Arthur T. Vanderbilt Professor of Law and Professor of Sociology at New York University School of Law
Not Clearly Pro or Con to the question "Should the Death Penalty Be Allowed?"
"I bumped into some undergraduates... and one of them... asked what I was talking about and I said I was talking about capital punishment. And she said are you talking for it or are you talking against it? And in fact the answer is neither. I’m going to try and talk about capital punishment today as a kind of sociological object to be explained, not a moral issue that we should argue about or even a political question that we have to be for or against but rather as a kind of interesting, one might even say odd, institution that... only really occurs today in the USA, of all the western world."
"American Capital Punishment: Law in the Shadow of Lynching," Lecture at East Kentucky University, Mar. 1, 2007, video available at www.eku.edu
Experts Individuals with MDs, JDs, PhDs, or equivalent advanced degrees in fields relevant to death penalty issues. Also top-level government officials (such as foreign leaders, US presidents, Founding Fathers, Supreme Court Justices, members of legislative bodies, cabinet members, military leaders, etc.) with positions relevant to death penalty issues.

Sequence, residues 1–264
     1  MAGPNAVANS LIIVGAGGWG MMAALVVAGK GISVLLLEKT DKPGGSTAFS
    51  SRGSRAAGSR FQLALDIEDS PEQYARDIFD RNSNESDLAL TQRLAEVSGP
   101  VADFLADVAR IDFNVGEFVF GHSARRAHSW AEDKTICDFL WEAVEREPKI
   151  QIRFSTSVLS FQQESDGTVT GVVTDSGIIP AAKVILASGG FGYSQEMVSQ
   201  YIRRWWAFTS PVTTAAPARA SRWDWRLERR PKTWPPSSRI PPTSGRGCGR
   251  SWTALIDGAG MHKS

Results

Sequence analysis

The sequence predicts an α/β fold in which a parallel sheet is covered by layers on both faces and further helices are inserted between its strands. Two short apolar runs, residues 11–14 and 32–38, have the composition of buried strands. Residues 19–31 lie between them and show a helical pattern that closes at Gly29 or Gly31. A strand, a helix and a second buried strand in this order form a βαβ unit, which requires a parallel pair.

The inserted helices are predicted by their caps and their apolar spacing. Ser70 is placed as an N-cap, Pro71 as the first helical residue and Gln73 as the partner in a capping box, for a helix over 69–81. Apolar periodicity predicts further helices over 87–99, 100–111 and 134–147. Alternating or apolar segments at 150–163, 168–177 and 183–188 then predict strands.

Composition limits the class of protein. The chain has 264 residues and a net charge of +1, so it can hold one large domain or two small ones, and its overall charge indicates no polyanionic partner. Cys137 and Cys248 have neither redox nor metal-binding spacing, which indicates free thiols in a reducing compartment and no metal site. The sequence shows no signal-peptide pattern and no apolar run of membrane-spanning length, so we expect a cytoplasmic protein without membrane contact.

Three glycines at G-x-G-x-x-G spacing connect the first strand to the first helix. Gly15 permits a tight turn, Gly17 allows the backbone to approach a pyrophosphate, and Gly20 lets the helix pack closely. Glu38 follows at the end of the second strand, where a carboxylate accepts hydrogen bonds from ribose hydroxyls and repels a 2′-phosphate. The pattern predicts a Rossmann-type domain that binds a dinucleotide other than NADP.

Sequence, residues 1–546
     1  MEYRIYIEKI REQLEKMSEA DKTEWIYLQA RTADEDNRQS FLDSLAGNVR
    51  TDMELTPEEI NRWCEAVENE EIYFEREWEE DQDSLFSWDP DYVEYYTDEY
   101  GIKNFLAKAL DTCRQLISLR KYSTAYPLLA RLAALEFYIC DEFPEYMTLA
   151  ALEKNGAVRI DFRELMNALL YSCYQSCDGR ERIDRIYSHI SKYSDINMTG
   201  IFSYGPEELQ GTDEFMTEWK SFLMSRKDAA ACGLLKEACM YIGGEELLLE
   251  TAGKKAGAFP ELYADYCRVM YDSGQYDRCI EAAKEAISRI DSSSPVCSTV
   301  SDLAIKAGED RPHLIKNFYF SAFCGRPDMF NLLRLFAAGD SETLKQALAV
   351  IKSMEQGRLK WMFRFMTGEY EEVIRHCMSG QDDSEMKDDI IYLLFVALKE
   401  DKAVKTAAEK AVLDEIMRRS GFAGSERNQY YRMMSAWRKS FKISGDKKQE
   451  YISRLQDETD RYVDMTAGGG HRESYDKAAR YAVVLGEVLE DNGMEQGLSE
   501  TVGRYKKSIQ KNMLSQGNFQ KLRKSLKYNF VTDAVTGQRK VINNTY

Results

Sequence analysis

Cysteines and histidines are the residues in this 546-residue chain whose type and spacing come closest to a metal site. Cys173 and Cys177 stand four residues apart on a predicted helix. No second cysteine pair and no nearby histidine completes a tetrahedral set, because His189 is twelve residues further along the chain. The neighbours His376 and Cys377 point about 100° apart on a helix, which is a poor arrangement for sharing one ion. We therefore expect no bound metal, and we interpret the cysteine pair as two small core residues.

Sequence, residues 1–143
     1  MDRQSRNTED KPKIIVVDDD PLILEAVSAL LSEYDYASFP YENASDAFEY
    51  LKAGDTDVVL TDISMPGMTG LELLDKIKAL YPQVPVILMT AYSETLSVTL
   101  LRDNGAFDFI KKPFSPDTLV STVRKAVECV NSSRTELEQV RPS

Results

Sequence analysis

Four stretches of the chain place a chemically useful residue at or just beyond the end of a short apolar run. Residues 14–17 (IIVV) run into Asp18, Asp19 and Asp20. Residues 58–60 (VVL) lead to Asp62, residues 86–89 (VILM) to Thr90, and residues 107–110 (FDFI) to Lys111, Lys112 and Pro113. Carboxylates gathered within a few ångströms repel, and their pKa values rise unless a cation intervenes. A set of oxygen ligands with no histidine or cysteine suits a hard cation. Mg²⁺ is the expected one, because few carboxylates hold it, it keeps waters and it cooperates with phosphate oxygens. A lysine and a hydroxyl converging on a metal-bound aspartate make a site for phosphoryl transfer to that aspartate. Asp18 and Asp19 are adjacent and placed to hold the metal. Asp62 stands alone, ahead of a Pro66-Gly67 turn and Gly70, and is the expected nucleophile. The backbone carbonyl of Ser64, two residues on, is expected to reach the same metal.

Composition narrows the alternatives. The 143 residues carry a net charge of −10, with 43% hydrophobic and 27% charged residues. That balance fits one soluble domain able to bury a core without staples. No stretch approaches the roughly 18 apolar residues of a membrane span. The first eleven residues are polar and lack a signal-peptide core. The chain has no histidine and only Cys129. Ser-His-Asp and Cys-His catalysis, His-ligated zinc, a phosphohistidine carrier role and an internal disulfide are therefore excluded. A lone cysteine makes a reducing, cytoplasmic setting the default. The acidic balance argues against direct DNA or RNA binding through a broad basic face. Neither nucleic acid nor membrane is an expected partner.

Involvement and Affiliations:
Fellow, American Society of Criminology, 2007-present
Arthur T. Vanderbilt Professor of Law, New York University School of Law, May 2001-present
Professor of Sociology, New York University, Sep. 1997-present
Fellow, Royal Society of Edinburgh, 1995-present
John Simon Guggenheim Fellow, 2006-2007
Havens Center Fellow, Havens Center, University of Wisconsin at Madison, Department of Sociology. Oct. 6-10, 2003
Professor of Law, New York University Law School, Sep. 1997-2001
Fellow at the Center for Advanced Study in the Behavioral Sciences, Stanford, California, 1997
Professor, New York University Global Law School Program, 1995-1997
Personal Chair, Faculty of Law, University of Edinburgh, 1992-1997
Reader, Faculty of Law, University of Edinburgh, 1992-1997
Lecturer, Faculty of Law, University of Edinburgh, 1979-1990
Davis Fellow, Shelby Cullom Davis Center of Historical Studies, Princeton University, 1984-1985